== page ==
I’ll tell you how I learn. I used to absorb everything, but I realized it wasn’t very effective. It’s best to learn what you need at the moment, for example how to pump up Instagram or how the PR niche works. The main thing is to immediately apply and put it into practice. Alongside, I read books: half in audio format, half in electronic format, and make notes. I also use Feedly, the service that collects news from different marketing sites, mainly the western ones.”
3. Decide On the Scale
As early as at the stage of starting a business you should think about the format: local or international.
“Consider whether you’re creating a business as a large-scale project or you’re satisfied that it will be local and you’re not going to expand it. The strong great businessmen I’ve talked to advise you to immediately plan your business as an international one. But a lot of projects are organized differently: businessmen create a local product and do not consider entering the global market.”
4. Find the Product – Target Audience Connection
Make sure the product you offer really solves the problem of your TA. Start small: conduct testing, interview the audience, and adjust the product if it doesn’t work.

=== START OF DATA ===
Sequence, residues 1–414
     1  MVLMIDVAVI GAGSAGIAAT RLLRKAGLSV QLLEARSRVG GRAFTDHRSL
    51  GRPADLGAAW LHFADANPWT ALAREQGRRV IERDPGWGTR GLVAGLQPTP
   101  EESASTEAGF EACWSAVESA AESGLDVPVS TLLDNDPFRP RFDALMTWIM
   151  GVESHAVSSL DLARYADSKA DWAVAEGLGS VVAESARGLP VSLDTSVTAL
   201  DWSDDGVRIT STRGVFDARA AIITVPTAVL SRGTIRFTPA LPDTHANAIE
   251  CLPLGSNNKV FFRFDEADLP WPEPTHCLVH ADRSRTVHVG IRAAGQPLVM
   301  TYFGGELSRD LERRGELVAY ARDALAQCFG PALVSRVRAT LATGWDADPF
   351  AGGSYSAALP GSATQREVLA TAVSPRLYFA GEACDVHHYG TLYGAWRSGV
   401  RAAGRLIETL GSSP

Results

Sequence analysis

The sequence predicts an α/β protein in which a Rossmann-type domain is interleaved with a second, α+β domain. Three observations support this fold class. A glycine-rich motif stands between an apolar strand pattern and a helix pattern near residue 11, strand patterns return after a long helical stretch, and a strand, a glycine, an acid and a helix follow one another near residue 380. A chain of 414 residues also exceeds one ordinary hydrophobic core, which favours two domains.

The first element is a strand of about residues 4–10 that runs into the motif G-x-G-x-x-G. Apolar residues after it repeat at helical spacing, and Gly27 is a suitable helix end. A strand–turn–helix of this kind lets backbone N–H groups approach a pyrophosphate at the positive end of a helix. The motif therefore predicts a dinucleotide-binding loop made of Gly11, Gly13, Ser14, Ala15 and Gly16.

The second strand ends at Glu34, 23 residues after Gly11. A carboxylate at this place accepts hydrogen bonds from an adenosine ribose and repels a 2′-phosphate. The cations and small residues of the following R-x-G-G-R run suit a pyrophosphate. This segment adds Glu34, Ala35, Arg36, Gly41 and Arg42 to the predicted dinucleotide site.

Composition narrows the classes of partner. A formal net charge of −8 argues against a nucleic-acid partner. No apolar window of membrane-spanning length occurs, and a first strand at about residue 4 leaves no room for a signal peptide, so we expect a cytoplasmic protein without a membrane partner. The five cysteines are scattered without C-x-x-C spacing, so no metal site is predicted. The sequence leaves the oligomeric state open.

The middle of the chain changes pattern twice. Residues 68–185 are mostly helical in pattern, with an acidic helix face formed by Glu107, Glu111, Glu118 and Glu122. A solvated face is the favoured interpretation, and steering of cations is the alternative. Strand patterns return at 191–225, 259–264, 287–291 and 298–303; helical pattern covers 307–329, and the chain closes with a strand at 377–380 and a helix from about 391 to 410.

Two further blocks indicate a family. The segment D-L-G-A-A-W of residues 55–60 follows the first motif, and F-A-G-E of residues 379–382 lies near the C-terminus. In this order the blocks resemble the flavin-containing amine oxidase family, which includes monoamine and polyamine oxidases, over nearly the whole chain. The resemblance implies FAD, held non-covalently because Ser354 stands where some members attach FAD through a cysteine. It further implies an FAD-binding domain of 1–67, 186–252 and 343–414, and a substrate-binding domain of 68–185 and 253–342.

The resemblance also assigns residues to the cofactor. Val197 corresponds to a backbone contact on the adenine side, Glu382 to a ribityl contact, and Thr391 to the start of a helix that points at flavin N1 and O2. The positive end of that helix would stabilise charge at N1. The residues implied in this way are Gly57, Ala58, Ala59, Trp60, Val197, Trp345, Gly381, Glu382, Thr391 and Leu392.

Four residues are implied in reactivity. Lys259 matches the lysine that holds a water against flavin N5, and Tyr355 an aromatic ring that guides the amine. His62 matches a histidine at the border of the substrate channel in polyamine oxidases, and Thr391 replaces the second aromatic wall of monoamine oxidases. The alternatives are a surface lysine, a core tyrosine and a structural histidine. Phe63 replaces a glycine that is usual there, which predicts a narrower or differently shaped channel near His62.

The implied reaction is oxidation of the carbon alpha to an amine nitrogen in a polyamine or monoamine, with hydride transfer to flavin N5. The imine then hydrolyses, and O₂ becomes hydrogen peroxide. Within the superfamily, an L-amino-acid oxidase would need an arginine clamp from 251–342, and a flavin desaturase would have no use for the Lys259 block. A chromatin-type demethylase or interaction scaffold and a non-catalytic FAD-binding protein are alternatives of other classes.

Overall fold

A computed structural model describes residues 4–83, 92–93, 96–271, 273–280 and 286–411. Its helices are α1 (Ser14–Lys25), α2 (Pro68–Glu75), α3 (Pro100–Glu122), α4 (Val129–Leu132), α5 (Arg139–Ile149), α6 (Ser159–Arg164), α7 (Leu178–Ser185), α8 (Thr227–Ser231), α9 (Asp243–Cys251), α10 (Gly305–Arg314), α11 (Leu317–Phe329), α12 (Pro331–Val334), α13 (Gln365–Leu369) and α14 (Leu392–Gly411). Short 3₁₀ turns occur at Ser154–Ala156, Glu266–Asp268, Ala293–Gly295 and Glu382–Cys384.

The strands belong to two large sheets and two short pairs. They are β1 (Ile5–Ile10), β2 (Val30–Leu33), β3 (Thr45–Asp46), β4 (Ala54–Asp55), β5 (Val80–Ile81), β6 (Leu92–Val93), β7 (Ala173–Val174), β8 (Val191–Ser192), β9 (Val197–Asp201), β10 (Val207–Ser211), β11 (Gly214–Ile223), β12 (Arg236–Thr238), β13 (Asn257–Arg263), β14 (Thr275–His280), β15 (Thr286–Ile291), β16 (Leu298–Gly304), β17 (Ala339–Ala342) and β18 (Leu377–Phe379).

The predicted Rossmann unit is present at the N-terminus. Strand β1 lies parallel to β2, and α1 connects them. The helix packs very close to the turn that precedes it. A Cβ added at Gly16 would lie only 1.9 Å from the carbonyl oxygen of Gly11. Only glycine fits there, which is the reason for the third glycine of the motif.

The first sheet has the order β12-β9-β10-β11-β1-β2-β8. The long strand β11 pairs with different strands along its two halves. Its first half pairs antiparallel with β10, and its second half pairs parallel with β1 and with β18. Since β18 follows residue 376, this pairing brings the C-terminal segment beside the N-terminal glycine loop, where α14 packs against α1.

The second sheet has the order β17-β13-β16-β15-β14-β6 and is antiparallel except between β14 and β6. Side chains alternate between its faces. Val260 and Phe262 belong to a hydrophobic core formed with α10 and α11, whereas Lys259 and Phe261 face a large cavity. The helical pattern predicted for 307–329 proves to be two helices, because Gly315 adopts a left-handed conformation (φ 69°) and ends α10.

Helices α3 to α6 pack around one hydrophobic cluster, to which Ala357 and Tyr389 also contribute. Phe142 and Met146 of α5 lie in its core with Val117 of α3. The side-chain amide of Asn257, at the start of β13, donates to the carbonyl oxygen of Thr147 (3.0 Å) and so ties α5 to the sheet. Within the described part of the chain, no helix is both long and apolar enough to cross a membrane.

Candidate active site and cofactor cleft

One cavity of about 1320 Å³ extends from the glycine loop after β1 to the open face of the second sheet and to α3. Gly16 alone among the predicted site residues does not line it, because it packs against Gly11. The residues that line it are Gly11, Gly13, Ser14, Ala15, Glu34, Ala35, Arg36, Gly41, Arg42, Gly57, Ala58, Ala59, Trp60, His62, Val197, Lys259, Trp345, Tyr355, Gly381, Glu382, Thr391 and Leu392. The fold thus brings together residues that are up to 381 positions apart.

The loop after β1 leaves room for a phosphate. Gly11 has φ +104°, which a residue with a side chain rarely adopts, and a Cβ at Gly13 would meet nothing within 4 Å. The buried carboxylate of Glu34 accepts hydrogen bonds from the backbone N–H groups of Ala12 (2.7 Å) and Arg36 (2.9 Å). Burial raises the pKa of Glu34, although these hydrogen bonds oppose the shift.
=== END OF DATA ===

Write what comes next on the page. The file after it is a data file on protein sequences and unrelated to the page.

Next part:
“When starting a business, many people think that the product they offer to the world is something very important and will be snatched away from the shelves. However, people hardly snatch away anything now since there are lots of shelves with half of free products on them.
It is important to realize how well the product reaches your audience and whether you understand the connection between the audience and the product. First, do not try to catch all customers at once – divide your TA into segments. Second, do so-called customer development: examine the audience and get their opinion. Ask open questions, for example, how people cope with the problem that your product solves? Sometimes you may reveal that people don’t solve it at all because they don’t think it’s a problem and they just don’t need your product. Sometimes you may find out that the product can simply be adjusted a bit to make it more interesting.